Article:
Banking: Bought to book – the valuations that will drive European bank M&A
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Banking: Bought to book – the valuations that will drive European bank M&A

With interest rates at rock bottom, even the best banks in Europe are struggling to find new ways of boosting profits organically. The continent needs to consolidate, and at the hands of its better-run banks. Euromoney takes a close look at price-to-book values to see which those banks might be – and which deals could get put together as regulatory uncertainty clears and M&A activity picks up.


Illustration: Pete Ellis

Could Santander buy Commerzbank? Could ING or Intesa Sanpaolo buy some of the Italian, Portuguese, and Spanish banks? A look at data on European banks’ relative valuations suggests similar deals could be possible, as banks try to add value by taking over weaker rivals and, perhaps, as a single regulator makes it easier to build pan-eurozone banking operations.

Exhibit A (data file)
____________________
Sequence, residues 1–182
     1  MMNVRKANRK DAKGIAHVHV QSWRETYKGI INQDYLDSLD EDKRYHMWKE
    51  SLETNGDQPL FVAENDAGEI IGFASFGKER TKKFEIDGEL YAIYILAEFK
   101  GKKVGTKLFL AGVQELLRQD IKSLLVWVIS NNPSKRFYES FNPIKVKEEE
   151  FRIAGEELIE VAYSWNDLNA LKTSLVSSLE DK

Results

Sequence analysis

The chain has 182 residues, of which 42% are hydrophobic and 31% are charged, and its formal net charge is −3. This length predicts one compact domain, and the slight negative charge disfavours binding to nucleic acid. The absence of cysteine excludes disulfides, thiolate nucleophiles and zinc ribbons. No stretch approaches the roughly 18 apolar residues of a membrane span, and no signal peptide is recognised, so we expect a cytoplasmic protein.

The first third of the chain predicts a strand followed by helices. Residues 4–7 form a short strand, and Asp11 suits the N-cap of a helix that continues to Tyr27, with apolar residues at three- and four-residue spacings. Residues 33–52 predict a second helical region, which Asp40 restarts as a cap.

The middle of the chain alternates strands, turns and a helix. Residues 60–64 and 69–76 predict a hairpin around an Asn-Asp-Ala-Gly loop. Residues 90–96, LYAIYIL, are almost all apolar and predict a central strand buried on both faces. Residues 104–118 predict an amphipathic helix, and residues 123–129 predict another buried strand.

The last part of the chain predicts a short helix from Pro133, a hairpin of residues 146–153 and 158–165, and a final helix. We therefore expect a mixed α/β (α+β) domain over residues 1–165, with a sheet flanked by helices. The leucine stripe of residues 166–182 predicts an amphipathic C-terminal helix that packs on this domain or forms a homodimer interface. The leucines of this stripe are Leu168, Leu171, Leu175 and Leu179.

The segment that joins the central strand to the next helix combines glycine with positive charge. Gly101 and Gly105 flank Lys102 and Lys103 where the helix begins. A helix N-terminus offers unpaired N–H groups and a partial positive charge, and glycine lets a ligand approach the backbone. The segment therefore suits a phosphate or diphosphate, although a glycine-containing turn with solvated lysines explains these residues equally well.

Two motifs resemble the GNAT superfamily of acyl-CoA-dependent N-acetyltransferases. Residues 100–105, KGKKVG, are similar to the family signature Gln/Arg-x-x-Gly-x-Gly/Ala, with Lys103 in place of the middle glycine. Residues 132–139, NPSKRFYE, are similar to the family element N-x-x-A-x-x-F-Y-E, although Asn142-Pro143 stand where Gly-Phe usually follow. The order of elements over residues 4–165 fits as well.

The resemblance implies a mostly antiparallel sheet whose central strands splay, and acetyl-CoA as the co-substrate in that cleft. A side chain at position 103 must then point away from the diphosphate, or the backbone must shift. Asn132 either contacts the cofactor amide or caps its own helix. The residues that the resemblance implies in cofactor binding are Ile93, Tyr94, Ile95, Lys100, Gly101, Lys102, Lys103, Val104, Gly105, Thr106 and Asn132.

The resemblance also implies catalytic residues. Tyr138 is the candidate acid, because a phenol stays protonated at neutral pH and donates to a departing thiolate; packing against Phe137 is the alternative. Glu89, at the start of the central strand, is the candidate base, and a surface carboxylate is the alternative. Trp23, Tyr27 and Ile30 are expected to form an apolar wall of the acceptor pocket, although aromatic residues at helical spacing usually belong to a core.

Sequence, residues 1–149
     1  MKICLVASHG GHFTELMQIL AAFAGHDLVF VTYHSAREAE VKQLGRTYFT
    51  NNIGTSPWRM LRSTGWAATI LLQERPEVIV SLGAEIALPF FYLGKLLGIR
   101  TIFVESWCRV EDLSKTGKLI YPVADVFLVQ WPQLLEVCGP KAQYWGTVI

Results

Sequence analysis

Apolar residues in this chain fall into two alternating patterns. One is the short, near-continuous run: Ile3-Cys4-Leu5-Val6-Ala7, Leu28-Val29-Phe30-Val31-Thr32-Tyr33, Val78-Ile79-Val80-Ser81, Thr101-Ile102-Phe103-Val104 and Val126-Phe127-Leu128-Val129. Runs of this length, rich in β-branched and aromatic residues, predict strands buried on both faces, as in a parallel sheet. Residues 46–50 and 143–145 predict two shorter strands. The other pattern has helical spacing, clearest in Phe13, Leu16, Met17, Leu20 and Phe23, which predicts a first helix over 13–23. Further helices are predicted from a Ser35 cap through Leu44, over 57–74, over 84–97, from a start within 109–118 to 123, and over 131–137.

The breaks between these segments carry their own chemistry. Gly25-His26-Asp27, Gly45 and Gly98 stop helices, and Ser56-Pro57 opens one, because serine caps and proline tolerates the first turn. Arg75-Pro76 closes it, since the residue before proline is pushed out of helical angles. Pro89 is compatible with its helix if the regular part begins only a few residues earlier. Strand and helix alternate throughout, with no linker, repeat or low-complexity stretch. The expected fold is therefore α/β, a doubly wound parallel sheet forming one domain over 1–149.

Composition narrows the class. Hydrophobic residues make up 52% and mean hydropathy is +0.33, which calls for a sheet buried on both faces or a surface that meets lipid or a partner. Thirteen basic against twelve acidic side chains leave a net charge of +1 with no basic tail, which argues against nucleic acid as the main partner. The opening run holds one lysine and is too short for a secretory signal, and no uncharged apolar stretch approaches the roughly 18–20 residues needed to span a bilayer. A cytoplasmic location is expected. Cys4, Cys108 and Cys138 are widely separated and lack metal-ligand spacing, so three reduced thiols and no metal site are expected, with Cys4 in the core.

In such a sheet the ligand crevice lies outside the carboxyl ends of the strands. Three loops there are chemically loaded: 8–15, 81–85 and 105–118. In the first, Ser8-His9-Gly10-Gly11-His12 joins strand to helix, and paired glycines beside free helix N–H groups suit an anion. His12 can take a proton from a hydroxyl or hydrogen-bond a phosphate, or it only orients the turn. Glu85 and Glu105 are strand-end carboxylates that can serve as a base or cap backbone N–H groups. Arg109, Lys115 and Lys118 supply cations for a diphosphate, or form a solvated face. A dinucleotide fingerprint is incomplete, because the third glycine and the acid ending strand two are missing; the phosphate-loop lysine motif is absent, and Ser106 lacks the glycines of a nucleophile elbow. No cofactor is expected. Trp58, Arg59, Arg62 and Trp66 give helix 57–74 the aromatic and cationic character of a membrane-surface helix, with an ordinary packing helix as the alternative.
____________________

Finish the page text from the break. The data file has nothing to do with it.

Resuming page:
The price-to-book-value ratio is crucial to bank M&A discussions, as it helps determine the price at which banks can bid. Portugal’s BPI, for example, rejected a takeover by Spain’s CaixaBank earlier this year. But it would have been difficult for CaixaBank to raise equity to make a more attractive offer, analysts argue, given its below-book valuation – around 0.94x, according to Berenberg. 

“All things being equal, a bank with a low multiple to book value is generally less likely to do M&A,” says Graham Gilles, chairman of financial institutions group for EMEA at Citi. 

However, it is also the relation to other banks that matters. Acquisitions of targets with higher valuations can dilute shareholders. “Many banks could in theory improve their positioning from a business model perspective by doing M&A, but they can’t because of their share price,” says Michael Frieser, head of European FIG at Bank of America Merrill Lynch.

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